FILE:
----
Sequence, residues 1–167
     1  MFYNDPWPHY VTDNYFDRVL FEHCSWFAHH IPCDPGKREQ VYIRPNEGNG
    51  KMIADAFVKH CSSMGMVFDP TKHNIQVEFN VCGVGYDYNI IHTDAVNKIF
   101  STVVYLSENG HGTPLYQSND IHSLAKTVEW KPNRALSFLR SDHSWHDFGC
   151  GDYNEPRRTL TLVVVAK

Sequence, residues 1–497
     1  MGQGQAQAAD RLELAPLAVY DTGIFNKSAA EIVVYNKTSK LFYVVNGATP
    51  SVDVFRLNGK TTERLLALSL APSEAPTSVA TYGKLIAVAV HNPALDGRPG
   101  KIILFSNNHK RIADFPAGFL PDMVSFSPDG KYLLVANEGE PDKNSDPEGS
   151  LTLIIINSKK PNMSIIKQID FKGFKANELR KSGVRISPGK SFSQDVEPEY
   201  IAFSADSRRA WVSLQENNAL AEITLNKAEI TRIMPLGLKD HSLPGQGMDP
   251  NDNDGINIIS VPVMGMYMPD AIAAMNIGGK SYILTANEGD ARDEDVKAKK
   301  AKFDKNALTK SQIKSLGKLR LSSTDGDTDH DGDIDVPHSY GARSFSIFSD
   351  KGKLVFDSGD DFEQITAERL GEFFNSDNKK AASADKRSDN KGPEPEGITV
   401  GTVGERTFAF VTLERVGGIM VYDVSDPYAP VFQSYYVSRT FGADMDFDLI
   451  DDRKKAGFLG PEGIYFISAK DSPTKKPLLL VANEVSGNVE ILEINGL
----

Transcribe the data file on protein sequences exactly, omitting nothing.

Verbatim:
Sequence, residues 1–167
     1  MFYNDPWPHY VTDNYFDRVL FEHCSWFAHH IPCDPGKREQ VYIRPNEGNG
    51  KMIADAFVKH CSSMGMVFDP TKHNIQVEFN VCGVGYDYNI IHTDAVNKIF
   101  STVVYLSENG HGTPLYQSND IHSLAKTVEW KPNRALSFLR SDHSWHDFGC
   151  GDYNEPRRTL TLVVVAK

Sequence, residues 1–497
     1  MGQGQAQAAD RLELAPLAVY DTGIFNKSAA EIVVYNKTSK LFYVVNGATP
    51  SVDVFRLNGK TTERLLALSL APSEAPTSVA TYGKLIAVAV HNPALDGRPG
   101  KIILFSNNHK RIADFPAGFL PDMVSFSPDG KYLLVANEGE PDKNSDPEGS
   151  LTLIIINSKK PNMSIIKQID FKGFKANELR KSGVRISPGK SFSQDVEPEY
   201  IAFSADSRRA WVSLQENNAL AEITLNKAEI TRIMPLGLKD HSLPGQGMDP
   251  NDNDGINIIS VPVMGMYMPD AIAAMNIGGK SYILTANEGD ARDEDVKAKK
   301  AKFDKNALTK SQIKSLGKLR LSSTDGDTDH DGDIDVPHSY GARSFSIFSD
   351  KGKLVFDSGD DFEQITAERL GEFFNSDNKK AASADKRSDN KGPEPEGITV
   401  GTVGERTFAF VTLERVGGIM VYDVSDPYAP VFQSYYVSRT FGADMDFDLI
   451  DDRKKAGFLG PEGIYFISAK DSPTKKPLLL VANEVSGNVE ILEINGL